Since a significant portion of my day is spent in transit and in public*, I have decided to devote a new section of this blog for my legion of followers (last time I checked, there were 8. But hey, I’ve always said that’s my lucky number since my birthday is 8/8**. So that works.) Originally, I was going to call the short vignettes that have been piling up in my mind “Subway Stories,” but I’ve also recently begun to appreciate the wonders of the bus, so that was a bit too limiting. Therefore, I’ve settled on “Transit Tales” because alliteration is catchy (read: easy and lazy). I also considered “Conveyance Considerations” and “Pedestrian Passages,” and I might get more inventive and get rid of the alliteration altogether…
Not that any of this titling discussion matters***. But feel free to weigh in on titles.
The point is that walking and riding around the city by cab, bus, or (especially) subway, provokes much hilarity, concern, and general thought. The experience is at times mundane, at times profound, and often ridiculous.
So I’ll start with this brief yet painfully obvious observation upon which anyone who has ever ridden an express train into Manhattan at rush hour could remark:
Nowhere has the expression about being “packed like a herd of cattle” (or some variation) resonated so clearly with me or been so apparent as on the A train heading into Manhattan in the 9 AM hour. I know how Bessie feels. If anyone has ever wondered what it feels like to have your nose thrust into a stranger’s armpit, praying the desperate prayer that he or she has used deodorant that day, all one needs to do is ride the subway.
Even when it’s that crowded, people doggedly adhere to that New York priority of isolation (or, perhaps, independence is a kinder, more positive word to use). As much as possible (and it’s often not), they struggle to avoid contact with the people on the train – that is, trying to avoid contact with their fellow sardines. Or cattle. Choose your metaphor. This results in interesting displays of balance; often, it’s too crowded to reach the pole, and as the train lurches forward, back, or to the side (somehow, inexplicably, I think it manages all three directions simultaneously), commuters fall into the people around them, their weight transferring to a stranger’s arm, back, bag. Granted, with the crowd, they don’t fall far, but in an effort to avoid contact, New Yorkers on express trains have developed the most amazing reflexes. They jump back to their standing position, once again vainly attempting to avoid contact with others until the next lurch…or, gratefully, the doors open and travelers disembark. But then…a bigger mass of people is waiting to push in. Indeed, “crushing mass of humanity” takes on new meaning.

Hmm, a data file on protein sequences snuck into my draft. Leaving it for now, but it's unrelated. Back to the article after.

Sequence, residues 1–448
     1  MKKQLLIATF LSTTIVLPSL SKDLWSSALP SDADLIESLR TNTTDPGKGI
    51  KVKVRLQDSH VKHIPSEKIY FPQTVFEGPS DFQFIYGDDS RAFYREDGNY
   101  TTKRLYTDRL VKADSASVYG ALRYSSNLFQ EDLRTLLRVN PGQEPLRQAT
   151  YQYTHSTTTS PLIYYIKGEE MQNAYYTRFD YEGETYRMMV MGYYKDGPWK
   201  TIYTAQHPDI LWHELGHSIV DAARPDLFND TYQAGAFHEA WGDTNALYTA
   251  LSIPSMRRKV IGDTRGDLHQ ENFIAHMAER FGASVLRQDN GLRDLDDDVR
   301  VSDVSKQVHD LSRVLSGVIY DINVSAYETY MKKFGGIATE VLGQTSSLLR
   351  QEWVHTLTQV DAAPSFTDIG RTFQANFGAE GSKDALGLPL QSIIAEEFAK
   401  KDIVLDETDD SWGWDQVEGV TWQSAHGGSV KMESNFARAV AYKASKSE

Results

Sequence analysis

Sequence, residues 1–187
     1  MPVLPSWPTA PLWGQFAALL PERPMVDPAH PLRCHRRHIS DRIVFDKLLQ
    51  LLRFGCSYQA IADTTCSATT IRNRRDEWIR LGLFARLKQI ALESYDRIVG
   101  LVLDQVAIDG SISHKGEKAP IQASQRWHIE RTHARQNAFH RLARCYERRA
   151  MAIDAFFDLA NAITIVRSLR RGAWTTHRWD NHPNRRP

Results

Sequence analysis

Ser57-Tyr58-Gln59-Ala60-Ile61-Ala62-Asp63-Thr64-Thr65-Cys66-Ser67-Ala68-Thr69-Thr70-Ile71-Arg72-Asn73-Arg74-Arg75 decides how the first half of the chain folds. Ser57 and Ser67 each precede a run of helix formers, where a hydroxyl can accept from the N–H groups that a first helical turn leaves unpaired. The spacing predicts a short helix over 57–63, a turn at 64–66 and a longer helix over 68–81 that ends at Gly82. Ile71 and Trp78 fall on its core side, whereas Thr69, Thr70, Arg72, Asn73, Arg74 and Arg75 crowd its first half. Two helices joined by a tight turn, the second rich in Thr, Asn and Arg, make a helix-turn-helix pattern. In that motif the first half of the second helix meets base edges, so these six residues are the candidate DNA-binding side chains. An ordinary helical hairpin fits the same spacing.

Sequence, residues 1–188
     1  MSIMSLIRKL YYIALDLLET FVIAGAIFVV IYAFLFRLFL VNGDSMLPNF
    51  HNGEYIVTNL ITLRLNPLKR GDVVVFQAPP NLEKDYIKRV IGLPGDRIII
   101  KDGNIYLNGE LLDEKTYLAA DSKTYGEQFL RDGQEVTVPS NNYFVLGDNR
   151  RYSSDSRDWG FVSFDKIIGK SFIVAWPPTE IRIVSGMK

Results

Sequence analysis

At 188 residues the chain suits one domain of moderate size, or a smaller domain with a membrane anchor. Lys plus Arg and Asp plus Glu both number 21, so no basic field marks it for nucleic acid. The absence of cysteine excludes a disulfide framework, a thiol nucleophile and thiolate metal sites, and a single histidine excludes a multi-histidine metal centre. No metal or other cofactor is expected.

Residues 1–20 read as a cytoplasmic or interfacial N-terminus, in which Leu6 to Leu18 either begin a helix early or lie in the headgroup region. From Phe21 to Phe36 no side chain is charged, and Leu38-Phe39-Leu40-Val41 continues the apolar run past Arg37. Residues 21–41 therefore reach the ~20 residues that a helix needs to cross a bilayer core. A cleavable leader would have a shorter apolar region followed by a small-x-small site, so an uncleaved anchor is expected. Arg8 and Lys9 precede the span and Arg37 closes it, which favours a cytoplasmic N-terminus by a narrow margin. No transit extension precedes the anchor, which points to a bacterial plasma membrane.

The “Isolation M.O.” + crowd scenario also develops impressing feats of contortionism. As more people pile onto the train and miraculously create standing space ex nihilo, people fight to keep reading their books, and I include myself as a soldier in this battle****. I’ve held my book up above my head, giving my arm a little workout as I try holding it steady; I’ve held it down against my stomach, trying to read in the shadow of my own head; I’ve held it out to my side, under the arm of somebody else, twisting my neck to see over their arm as they hold on to the pole; I’ve held it directly in front of my eyes as only the nearly-blind have been known to do. That’s dedication.
*I think there’s a profound difference in labeling this traveling portion of my day as “in transit and in public” rather than “public transportation.” The latter implies only a mode of travel, akin to “pedestrian traffic” or “commercial jet” or “makeshift raft à la Huck and Jim.” Separating the terms emphasizes that you are, indeed, traveling with the public eye on you…and your eye on the incredible variety and surprising characters of the public.
**Notice how I casually threw in the birthday so that you will all get out your smartphones or old school calendars and mark that glorious occasion.
***I mean, seriously, the title of this blog is…well, a bit uninspired. I will also take suggestions for changing that.
****Given the circumstances, the ability to maintain not only focus but absorption in a book is quite impressive, and I’m rather pleased with this developing talent.